Tuesday, September 22, 2009

Debunking South Africa's crime rate.

With just under a year before the world's most popular sport descends on South Africas shores, figures just released show that the country's crime rate is far from rescinding. South Africa is the world's most crime riddled nation with a woman being raped every 18 seconds, and numerous murders occuring per day. President Zuma earlier this year appointed a tough talking and seemingly no nonsense police chief who promised to wipe crime off the face of South Africa. However, the figures on the ground are speaking a different story.

The South African crime rate is a problem that does not require populist politicking like President Zuma is always doing. It is a manifestation of centuries of segregation, political upheavals and inadequate distribution of wealth. It needs a multi-faceted approach. South Africa must embark on a massive job creation exercise twinned with a massive roll out of adult education. Most of the middle aged South Africans have never seen the insides of a classrooom, especially the ones that did not go into exile during the 80s and early 90s when apartheid was reighning supreme. During my stay in South Africa, I was amazed at how some South Africans view the killing of another being as being the equal to just killing a goat for a meal. I blame ignorance for such a warped view about life. Education helps in cultivating values and subsequently morals in human beings.

The inequal distribution of wealth makes some sections of South African society to believe that it is right to rob from others who have amassed undeserving wealth. South Africa is a developed country in some sections, and poorer than the poorest place on earth in others. You do not need to be a rocket scientist to know that if there is poverty in a sea of plenty then there is trouble.

The political leadership, black and white, ruling and opposition, must come together and address these issues. The police alone will never be able to curb crime, even if you go and train them on the moon...


  1. Crime is always a symptom of a disease and not a disease itself. Hence, to get the symptom away you first tackle the disease. Here the disease as you have pointed out is the unequal distribution of wealth, which was started, exacerbated and ensured by the apartheid government. Thus, though education does not make one extremely rich it does not make one extremely poor. It is therefore imperative that the wealth of the nation is seen to be shared equally according to locations. Even if possible special attention should be given to areas that need special attention. For instance, rapid development of roads, affordable housing and instituting of mass scholarship schemes for such individuals of school-going age and making sure that school is compulsory. The opening up of vocational institutions for those whom school is an impossibility is also imperative. The people should feel the benefits of the resources. But all these are impossible if the government is capitalist oriented. That's why I don't believe in pure capitalism. America is even facing problems with its Health system and Obama is tagged as a socialist now. We need certain socialist mentality to solve social problems. Crime is a social problem and it increases rapidly if the gap between the rich and the poor increases (ref. Kuznet curve) and that's the fallout of capitalism. One man is 50bn dollar richer and another digs trenches in a Soweto sun and earns less than 1 dollar a day. We need to take practical steps to solve such pressing problems.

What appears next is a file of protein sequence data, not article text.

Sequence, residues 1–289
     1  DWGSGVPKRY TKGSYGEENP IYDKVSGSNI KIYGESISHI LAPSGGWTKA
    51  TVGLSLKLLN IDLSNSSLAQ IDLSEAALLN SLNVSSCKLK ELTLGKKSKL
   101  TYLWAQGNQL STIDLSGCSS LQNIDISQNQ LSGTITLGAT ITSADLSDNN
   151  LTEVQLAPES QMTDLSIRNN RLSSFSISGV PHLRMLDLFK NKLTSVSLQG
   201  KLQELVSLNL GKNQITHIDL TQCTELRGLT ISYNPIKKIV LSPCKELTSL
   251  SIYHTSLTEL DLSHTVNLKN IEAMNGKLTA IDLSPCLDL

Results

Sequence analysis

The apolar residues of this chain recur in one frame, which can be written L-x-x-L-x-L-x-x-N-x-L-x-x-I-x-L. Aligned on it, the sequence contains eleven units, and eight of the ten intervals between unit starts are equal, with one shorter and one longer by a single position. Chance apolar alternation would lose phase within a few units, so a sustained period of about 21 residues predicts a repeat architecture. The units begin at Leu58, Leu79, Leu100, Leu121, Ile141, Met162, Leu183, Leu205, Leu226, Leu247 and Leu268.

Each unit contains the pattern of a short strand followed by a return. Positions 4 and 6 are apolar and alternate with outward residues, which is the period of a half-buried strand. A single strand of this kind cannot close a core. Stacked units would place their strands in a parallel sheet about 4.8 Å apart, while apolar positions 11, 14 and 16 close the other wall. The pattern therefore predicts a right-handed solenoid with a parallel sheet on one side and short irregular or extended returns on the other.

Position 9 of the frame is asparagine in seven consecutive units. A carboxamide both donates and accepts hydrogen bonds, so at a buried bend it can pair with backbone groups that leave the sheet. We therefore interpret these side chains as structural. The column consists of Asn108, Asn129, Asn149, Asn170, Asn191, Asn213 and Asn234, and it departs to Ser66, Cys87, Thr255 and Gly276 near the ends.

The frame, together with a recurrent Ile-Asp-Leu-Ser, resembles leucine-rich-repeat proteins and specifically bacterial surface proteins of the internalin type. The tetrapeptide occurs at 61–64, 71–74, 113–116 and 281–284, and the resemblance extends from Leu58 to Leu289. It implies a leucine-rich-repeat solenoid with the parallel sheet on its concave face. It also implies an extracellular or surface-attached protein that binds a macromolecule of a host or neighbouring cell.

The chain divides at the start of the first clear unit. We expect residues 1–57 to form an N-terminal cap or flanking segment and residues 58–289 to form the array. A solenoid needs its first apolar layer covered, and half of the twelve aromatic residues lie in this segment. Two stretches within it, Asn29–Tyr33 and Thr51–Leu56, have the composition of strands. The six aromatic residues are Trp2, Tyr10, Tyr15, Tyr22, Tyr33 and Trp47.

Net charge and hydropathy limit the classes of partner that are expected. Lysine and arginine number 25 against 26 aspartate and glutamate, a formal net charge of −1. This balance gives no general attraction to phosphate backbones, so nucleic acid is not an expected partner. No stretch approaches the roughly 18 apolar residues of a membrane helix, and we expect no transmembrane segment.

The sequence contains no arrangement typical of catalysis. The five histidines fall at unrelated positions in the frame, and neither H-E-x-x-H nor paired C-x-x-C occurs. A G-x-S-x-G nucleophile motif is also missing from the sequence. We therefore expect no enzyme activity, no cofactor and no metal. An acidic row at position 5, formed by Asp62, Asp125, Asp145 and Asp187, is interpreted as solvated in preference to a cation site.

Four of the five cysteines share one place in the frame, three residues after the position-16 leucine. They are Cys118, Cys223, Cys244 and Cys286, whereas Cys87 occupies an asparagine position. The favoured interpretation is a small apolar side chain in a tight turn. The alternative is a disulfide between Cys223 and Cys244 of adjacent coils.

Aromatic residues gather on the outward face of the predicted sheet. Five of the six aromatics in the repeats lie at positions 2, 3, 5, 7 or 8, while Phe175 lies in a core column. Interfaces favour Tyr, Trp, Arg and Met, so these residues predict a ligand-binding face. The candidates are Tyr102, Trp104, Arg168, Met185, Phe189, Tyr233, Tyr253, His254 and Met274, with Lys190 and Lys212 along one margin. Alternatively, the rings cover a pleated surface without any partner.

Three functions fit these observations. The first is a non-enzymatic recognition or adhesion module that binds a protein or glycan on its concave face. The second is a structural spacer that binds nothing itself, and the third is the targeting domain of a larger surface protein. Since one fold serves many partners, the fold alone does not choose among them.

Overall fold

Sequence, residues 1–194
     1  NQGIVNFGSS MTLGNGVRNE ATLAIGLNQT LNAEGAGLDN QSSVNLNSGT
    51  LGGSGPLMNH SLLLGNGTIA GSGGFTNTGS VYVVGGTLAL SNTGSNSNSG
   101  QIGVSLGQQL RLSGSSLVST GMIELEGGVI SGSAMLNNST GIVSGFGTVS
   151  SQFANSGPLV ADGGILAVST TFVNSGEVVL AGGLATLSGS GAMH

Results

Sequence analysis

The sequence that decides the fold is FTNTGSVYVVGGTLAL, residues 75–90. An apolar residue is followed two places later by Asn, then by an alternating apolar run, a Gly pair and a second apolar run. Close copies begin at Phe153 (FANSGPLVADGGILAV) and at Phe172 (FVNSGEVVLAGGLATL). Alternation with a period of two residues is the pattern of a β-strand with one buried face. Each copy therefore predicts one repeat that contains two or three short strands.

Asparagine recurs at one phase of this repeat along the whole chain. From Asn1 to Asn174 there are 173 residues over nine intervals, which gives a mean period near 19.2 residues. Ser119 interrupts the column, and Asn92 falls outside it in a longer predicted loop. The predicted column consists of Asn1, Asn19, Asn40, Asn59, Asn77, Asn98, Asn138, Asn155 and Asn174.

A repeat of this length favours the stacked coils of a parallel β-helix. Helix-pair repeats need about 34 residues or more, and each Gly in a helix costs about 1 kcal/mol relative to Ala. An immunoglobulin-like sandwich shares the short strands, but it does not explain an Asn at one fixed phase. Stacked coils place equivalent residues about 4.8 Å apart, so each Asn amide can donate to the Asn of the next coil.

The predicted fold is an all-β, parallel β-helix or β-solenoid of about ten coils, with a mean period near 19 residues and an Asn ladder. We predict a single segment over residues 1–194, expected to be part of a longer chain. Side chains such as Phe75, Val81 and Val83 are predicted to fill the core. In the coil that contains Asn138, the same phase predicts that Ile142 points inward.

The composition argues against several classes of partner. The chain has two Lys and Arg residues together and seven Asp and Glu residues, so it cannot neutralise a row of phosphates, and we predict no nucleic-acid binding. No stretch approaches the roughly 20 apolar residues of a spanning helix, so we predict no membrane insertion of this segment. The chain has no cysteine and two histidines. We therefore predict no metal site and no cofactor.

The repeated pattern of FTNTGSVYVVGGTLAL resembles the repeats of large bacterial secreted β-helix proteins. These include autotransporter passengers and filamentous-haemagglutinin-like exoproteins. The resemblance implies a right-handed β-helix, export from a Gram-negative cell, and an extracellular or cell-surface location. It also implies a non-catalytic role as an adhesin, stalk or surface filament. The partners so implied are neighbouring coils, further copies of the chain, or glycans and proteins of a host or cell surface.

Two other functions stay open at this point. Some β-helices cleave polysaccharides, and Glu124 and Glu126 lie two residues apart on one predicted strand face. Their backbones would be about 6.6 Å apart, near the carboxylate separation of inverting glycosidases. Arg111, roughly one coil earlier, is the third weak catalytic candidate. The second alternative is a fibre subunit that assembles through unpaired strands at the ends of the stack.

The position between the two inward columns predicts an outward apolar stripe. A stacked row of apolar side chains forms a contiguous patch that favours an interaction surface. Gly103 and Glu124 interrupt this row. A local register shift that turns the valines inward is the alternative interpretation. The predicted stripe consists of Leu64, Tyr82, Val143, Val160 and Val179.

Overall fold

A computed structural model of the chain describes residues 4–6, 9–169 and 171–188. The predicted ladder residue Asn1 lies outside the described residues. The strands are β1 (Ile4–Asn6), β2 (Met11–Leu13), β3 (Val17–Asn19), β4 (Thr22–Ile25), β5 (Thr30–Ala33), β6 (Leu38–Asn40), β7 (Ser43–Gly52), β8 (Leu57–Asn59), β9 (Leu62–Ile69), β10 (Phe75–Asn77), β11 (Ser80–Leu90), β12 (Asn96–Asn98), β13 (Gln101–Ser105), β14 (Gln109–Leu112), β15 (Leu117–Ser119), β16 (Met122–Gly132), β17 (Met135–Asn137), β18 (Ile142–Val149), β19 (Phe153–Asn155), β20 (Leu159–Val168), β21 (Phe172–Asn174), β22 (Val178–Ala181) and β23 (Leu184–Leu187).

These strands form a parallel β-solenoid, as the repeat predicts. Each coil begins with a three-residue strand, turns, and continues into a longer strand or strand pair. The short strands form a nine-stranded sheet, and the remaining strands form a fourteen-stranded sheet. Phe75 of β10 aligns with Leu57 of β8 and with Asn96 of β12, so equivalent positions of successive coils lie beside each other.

Thanks for raising this. I hope it is not politically downplayed for I hate it when politicians play politics with the lives of our folks. I hate it when we want to make profit from every activity as if money rates higher than life. I hate it when we cannot reason and solve our own problems.

  2. The level of ignorance in South Africa is astonishing. People have no skills, no desire and zeal to work, they want easy and fast money...and that is the root of all evil. The South African governments, seem bent on equipping the police, recruiting more officers and many other wasteful tactics. We need to trace thr root cause of the problem before we can solve it. It will take time, the crime rate in South Africa will not fall in a day.